(For example, making the protection of a range PROT_READ in  the
	      middle  of  a region currently protected as PROT_READ|PROT_WRITE
	      would result in three mappings: two read/write mappings at  each
	      end and a read-only mapping in the middle.)

       pkey_mprotect()	first appeared in Linux 4.9.  Glibc support is not yet

       mprotect(): POSIX.1-2001, POSIX.1-2008,	SVr4.	POSIX  says  that  the
       behavior	 of  mprotect() is unspecified if it is applied to a region of
       memory that was not obtained via mmap(2).

       pkey_mprotect() is a nonportable Linux extension.

       On Linux, it is always permissible to call mprotect() on any address in
       a  process's  address  space (except for the kernel vsyscall area).  In
       particular, it can be used to  change  existing	code  mappings	to  be

       Whether	PROT_EXEC  has	any effect different from PROT_READ depends on
       processor  architecture,	 kernel	 version,  and	process	  state.    If
       READ_IMPLIES_EXEC  is  set in the process's personality flags (see per-
       sonality(2)), specifying PROT_READ will implicitly add PROT_EXEC.

       On  some	 hardware  architectures  (e.g.,  i386),  PROT_WRITE   implies

       POSIX.1	says  that an implementation may permit access other than that
       specified in prot, but at a minimum can	allow  write  access  only  if
       PROT_WRITE has been set, and must not allow any access if PROT_NONE has
       been set.

       Applications should be  careful	when  mixing  use  of  mprotect()  and
       pkey_mprotect().	  On  x86,  when  mprotect()  is used with prot set to
       PROT_EXEC a pkey is may be allocated and set on the  memory  implicitly
       by the kernel, but only when the pkey was 0 previously.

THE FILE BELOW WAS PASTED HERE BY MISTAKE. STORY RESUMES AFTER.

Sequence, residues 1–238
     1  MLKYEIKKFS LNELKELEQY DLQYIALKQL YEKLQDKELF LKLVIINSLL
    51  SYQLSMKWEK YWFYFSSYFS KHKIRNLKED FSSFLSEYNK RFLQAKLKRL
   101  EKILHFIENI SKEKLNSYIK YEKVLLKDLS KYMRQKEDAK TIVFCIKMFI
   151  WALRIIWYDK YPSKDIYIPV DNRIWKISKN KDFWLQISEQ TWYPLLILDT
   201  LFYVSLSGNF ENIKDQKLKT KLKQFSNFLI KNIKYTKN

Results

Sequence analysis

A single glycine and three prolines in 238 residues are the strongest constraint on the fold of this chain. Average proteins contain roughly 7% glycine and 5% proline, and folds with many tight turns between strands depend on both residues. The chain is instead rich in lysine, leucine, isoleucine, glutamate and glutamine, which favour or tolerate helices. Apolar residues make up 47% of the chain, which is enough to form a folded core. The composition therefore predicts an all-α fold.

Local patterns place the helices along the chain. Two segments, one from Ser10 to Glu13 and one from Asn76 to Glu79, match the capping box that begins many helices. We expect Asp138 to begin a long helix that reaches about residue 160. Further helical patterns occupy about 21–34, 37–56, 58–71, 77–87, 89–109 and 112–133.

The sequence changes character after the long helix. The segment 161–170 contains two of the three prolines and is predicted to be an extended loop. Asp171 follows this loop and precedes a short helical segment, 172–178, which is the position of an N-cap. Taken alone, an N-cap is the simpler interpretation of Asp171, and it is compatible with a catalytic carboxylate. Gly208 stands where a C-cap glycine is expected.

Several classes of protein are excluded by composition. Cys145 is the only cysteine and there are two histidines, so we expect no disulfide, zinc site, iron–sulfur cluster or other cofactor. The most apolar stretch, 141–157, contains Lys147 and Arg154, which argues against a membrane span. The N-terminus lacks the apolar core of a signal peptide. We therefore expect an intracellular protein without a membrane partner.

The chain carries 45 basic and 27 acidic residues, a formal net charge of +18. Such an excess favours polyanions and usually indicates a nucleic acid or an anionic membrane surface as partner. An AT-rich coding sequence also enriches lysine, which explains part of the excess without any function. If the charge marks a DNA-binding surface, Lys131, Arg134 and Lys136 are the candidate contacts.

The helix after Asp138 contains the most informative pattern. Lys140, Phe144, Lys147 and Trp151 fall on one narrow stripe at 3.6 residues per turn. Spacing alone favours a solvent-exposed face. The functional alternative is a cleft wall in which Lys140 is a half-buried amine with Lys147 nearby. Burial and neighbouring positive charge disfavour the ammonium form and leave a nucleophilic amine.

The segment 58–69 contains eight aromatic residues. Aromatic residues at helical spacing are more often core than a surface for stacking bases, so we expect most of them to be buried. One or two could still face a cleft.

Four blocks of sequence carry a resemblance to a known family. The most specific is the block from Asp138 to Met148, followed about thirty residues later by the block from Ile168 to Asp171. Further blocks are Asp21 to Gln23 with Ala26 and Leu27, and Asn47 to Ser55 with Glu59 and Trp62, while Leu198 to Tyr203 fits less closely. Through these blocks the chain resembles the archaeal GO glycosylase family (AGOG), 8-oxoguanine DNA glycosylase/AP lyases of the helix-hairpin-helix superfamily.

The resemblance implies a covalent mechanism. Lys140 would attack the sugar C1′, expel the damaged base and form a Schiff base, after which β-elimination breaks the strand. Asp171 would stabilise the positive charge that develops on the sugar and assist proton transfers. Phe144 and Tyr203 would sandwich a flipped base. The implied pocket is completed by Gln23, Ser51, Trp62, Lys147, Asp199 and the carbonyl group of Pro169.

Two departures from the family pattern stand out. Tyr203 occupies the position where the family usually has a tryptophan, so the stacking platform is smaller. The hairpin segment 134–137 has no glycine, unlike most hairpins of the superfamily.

On  systems that do not support protection keys in hardware, pkey_mpro-
       tect() may still be used, but pkey must be set to 0.  When called  this
       way, the operation of pkey_mprotect() is equivalent to mprotect().

       The  program  below  demonstrates  the  use of mprotect().  The program
       allocates four pages of memory, makes the third of  these  pages	 read-
       only,  and then executes a loop that walks upward through the allocated
       region modifying bytes.

       An example of what we might see when running the program is the follow-

	   $ ./a.out
	   Start of region:	   0x804c000
	   Got SIGSEGV at address: 0x804e000

   Program source

       #include <unistd.h>
       #include <signal.h>
       #include <stdio.h>
       #include <malloc.h>
       #include <stdlib.h>
       #include <errno.h>
       #include <sys/mman.h>

       #define handle_error(msg) \
	   do { perror(msg); exit(EXIT_FAILURE); } while (0)

       static char *buffer;

       static void
       handler(int sig, siginfo_t *si, void *unused)
	   printf("Got SIGSEGV at address: 0x%lx\n",
		   (long) si->si_addr);

       main(int argc, char *argv[])
	   char *p;
	   int pagesize;
	   struct sigaction sa;

	   sa.sa_flags = SA_SIGINFO;
	   sa.sa_sigaction = handler;
	   if (sigaction(SIGSEGV, &sa, NULL) == -1)

	   pagesize = sysconf(_SC_PAGE_SIZE);
	   if (pagesize == -1)

	   /* Allocate a buffer aligned on a page boundary;
	      initial protection is PROT_READ | PROT_WRITE */

	   buffer = memalign(pagesize, 4 * pagesize);
	   if (buffer == NULL)

	   printf("Start of region:	   0x%lx\n", (long) buffer);

	   if (mprotect(buffer + pagesize * 2, pagesize,
		       PROT_READ) == -1)

	   for (p = buffer ; ; )
	       *(p++) = 'a';

	   printf("Loop completed\n");	   /* Should never happen */

       mmap(2), sysconf(3), pkeys(7)

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       description of the project, information about reporting bugs,  and  the
       latest	  version     of     this    page,    can    be	   found    at

Linux				  2016-12-12			   MPROTECT(2)